While this research did not uncover any direct relationship between European companies and the internment camps, conversations with executives in Germany showed that most headquarters have little understanding of how their businesses operate in Xinjiang.

The Chinese government has long pushed to develop its far-flung western regions, partly to shore up their links with the rest of the country and partly in the hopes that economic development will depress religious observance and quell the desire for basic freedoms. In some cases, European companies have been pressured to start operations in Xinjiang as conditions for expansion elsewhere in China. Carrefour, the French supermarket chain, is just one example. It opened stores in Xinjiang only after receiving “strong advice” from Chinese officials. Other European executives told me that they had received similar messages.

But China’s desire for investment gives foreign companies with ties in the region — and European governments — real power. Now they need to use it.

The European Union should enact laws that set standards for companies operating in Xinjiang and punish those that fail to live up to European ideals of human rights, with audits on whether camp labor was involved in any part of their supply chains, where profits end up in China and how products and technology are used.

If all European Union members fail to agree on regulations, the charge should be taken up by national parliaments, especially in countries like Germany with extensive business in Xinjiang. These standards should apply to any European company, not just the large multinationals, and would have powerful ramifications beyond just Xinjiang.

Companies found to be flouting these standards could be barred from bidding for government contracts as an initial measure, with fines and government-appointed monitors as additional punishments. The European Union also needs to immediately impose export bans on technology that could be used in the repression of dissidents and religious minorities.

Business leaders and politicians frequently bristle at the idea of directly confronting China on its human rights abuses, worried that a firm stance could jeopardize future deals. But while China may issue statements condemning such actions and threaten to stop buying products from critics, it’s unlikely that Beijing is ready for another economic fight amid a slowing economy and a trade war with the United States.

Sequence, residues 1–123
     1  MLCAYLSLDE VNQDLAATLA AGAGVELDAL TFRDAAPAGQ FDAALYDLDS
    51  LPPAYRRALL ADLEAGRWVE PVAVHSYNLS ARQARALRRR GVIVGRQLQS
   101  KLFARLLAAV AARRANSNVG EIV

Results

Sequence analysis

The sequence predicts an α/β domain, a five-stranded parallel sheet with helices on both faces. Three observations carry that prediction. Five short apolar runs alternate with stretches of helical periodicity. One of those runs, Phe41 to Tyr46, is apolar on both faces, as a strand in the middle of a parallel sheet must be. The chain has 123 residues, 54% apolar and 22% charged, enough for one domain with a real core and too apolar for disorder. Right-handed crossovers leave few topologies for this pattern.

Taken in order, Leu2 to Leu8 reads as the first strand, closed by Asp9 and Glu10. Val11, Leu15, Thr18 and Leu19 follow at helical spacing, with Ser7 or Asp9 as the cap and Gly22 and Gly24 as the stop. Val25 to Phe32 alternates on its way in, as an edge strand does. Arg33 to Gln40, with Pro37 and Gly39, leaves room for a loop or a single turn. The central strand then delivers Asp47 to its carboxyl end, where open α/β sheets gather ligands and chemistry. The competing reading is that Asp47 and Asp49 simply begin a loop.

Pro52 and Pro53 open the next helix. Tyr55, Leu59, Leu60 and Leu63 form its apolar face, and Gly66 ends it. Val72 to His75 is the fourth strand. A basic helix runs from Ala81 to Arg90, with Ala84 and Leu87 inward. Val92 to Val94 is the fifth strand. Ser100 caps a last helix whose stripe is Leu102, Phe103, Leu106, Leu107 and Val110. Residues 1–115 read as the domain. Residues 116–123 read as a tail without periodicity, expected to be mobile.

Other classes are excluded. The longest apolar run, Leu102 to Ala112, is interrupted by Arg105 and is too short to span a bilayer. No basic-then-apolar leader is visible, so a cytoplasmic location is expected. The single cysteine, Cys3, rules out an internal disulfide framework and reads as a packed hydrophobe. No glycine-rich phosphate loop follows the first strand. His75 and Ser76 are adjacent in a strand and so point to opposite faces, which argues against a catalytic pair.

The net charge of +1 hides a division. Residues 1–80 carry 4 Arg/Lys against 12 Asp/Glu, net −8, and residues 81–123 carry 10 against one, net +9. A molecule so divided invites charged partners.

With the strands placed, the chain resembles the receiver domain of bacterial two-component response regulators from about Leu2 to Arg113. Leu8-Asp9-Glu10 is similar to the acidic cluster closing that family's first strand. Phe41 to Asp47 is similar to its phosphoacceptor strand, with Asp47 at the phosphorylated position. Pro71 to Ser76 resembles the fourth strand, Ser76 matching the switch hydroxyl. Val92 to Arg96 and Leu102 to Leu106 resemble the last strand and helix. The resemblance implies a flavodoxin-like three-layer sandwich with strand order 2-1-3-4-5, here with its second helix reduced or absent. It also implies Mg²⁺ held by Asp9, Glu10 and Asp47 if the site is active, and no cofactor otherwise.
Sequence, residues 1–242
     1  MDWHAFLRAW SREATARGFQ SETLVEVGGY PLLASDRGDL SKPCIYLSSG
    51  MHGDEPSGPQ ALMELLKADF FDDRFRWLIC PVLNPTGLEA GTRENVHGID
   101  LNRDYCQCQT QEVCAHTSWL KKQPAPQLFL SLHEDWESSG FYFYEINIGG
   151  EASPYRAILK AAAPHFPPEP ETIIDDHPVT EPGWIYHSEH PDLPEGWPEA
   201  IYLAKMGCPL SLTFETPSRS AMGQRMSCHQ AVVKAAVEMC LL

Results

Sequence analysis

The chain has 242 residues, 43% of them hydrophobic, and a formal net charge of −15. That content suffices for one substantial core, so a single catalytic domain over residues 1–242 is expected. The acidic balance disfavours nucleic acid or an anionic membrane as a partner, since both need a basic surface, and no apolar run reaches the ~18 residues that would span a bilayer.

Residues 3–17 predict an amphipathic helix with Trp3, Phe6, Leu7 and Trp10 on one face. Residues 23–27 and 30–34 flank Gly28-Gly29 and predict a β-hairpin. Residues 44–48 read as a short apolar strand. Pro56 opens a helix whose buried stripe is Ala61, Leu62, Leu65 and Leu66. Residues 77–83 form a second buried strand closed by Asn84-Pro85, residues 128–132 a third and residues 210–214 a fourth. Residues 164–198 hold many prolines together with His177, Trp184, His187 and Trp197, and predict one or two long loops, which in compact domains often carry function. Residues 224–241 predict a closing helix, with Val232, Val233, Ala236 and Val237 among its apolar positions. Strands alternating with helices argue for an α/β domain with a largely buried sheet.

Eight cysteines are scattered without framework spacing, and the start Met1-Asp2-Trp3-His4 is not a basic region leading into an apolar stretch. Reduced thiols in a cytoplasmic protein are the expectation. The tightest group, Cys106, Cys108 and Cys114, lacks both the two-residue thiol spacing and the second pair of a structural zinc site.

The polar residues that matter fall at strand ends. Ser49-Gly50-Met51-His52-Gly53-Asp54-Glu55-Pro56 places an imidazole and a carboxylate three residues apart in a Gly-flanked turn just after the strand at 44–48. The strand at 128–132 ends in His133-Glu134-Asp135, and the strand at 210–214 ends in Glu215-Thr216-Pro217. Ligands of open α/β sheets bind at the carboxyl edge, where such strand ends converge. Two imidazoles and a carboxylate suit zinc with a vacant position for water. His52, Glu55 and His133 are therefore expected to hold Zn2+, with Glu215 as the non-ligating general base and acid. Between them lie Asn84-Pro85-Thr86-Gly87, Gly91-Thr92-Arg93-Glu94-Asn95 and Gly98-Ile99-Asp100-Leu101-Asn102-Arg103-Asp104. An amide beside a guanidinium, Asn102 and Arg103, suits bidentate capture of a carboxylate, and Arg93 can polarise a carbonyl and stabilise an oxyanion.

European exports could take a hit or Chinese regulators may begin investigations into European companies as a punitive measure. But such actions would only further isolate China, a country that knows it needs all the stable economic relationships it has. While plenty of diplomatic protests and bombastic editorials in state-run newspapers are sure to follow such a move, President Xi Jinping cannot afford to further destabilize the economy over a political spat with the European Union, which is China’s largest trading partner.

This confluence of circumstances is exactly why the European Union must act now to stand up for its values and leverage its economic relationship with China to pressure it to end one of the most egregious human rights violations in the world today. Feigning ignorance is no longer an option.

IRAN: Four women prisoners executed by hanging in 1 week

Call against the death penalty in Iran

WUNRN (23.07.2019) – Two women were hanged at the Central Prison of Urmia at dawn on Tuesday, July 23, 2019.


According to an informed source, the two women had been previously given one month to attract the agreement of the victim’s parents but they had not managed to do so, and their death penalties were carried out.


The two women hanged on July 23, 2019, were identified as Arasteh Ranjbar and Nazdar Vatankhah who had already spent 15 years in prison on the charge of murder and complicity in murder, respectively. They were transferred to solitary cells Monday morning, July 22, to be prepared before being sent to the gallows.


With these two women, the number of women executed during six years of the current Iran presidency reaches 93.


The Iranian regime has recently further stepped up executions and executed at least four women in the past week, alone.


Maliheh Salehian from Miandoab was hanged on July 16, 2019, on charges of murder in the central prison of Mahabad.


On July 17, 2019, another female prisoner, Zahra Safari Moghadam, 43, was hanged in the Prison of Nowshahr, in northern Iran.


Some 3,700 persons have been executed in Iran in the past six years under Rouhani. The Iranian regime is the world’s top record holder of per capita executions. It deploys the death penalty as a tool for maintaining its grab on power and for silencing a disgruntled populace the majority of whom live under the poverty line, while unemployment is rampant in the country and there is no freedom of speech.


Rule 61 of the United Nations Rules for the Treatment of Women Prisoners and Non-Custodial Measures for Women Offenders (the Bangkok Rules) reads, “When sentencing women offenders, courts shall have the power to consider mitigating factors such as lack of criminal history and relative non-severity and nature of the criminal conduct, in the light of women’s caretaking responsibilities and typical backgrounds.”